Although most people have a general sense of how to do a standard push-up, the decline push-up exercise is an advanced push-up modification that many people have never seen, let alone tried.
If you are ready to add decline push-ups into your workouts, you may wonder: how many decline push-ups should I do for strength and muscle growth?
In this workout guide, we will cover how to do decline push-ups, how to modify decline push-ups, and ultimately answer your question: How many decline push-ups should I do based on my fitness level?
Let’s jump in!
How Do You Do Decline Push-Ups?
Before we look at how many decline push-up reps you should do based on your fitness goals and training level, let’s cover how to perform decline push-ups properly.
Here are the steps for how to perform decline push-ups:
How To Perform A Decline Push-Up
- Find a surface like a weight bench, stair, plyometrics box, or other elevated surface that is stable and sturdy enough to support most or all of your body weight. Place your toes at the edge of the weight bench curled under as they would be with a normal push-up and your heels pointing up towards the ceiling.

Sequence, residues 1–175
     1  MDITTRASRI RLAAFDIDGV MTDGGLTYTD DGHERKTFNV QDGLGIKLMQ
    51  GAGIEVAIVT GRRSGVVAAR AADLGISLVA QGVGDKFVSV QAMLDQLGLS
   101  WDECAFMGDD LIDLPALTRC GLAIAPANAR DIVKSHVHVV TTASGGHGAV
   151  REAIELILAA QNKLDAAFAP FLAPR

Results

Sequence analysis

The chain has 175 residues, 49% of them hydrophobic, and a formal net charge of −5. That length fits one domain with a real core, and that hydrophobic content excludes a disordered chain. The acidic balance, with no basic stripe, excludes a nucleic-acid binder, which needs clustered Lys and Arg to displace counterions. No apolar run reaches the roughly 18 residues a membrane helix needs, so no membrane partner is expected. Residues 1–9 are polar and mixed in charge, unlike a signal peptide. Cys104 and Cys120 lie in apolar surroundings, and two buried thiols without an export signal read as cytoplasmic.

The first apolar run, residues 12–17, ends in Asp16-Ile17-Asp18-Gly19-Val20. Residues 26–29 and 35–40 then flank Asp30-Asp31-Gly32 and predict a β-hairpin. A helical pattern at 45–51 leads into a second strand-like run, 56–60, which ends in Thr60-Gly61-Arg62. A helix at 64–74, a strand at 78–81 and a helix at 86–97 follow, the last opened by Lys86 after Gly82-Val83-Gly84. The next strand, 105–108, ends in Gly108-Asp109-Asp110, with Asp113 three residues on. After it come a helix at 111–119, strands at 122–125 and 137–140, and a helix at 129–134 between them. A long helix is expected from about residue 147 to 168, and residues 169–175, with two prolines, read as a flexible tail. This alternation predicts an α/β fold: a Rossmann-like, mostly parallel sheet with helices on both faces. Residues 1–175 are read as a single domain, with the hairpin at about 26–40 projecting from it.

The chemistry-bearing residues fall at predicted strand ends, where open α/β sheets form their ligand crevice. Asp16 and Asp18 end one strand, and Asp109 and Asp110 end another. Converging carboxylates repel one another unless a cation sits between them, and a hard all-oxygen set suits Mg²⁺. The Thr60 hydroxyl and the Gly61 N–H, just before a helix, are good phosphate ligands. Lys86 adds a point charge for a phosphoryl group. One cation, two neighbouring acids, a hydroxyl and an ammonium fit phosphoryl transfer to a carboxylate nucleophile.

- Bridge your body off so that you’re in a normal push-up position with your body in a straight line from your heels to your head with your hands down on the floor stacked under your elbows and under your shoulders. Your body should be in a regular push-up position, but your feet should be up instead of down at the level of the floor, and your hands should be down on the floor.
- Squeeze your glutes, engage your abs to keep your core tight, and maintain that straight plank position throughout the entire exercise. Do not allow your hips to sag down or stick up into the air.
- Bend your elbows to lower your chest towards the floor. Bend your elbows at least 90°. You might need to turn your head if your face is going to hit the floor, depending on the angle that you are using for your decline push-up workout.
- Move as slowly as possible as you lower your body to maximize the strengthening benefits of decline push-ups and to challenge your core stability.
- Once your elbows are bent and you have lowered your upper body as much as possible, pause and hold the lowered position, flexing your triceps, deltoids, rhomboids, and traps. Make sure that you are also keeping your core muscles engaged.
- After 2 to 3 seconds, press powerfully through the heels of your hands to straighten your arms and return to the starting position with your elbows fully extended.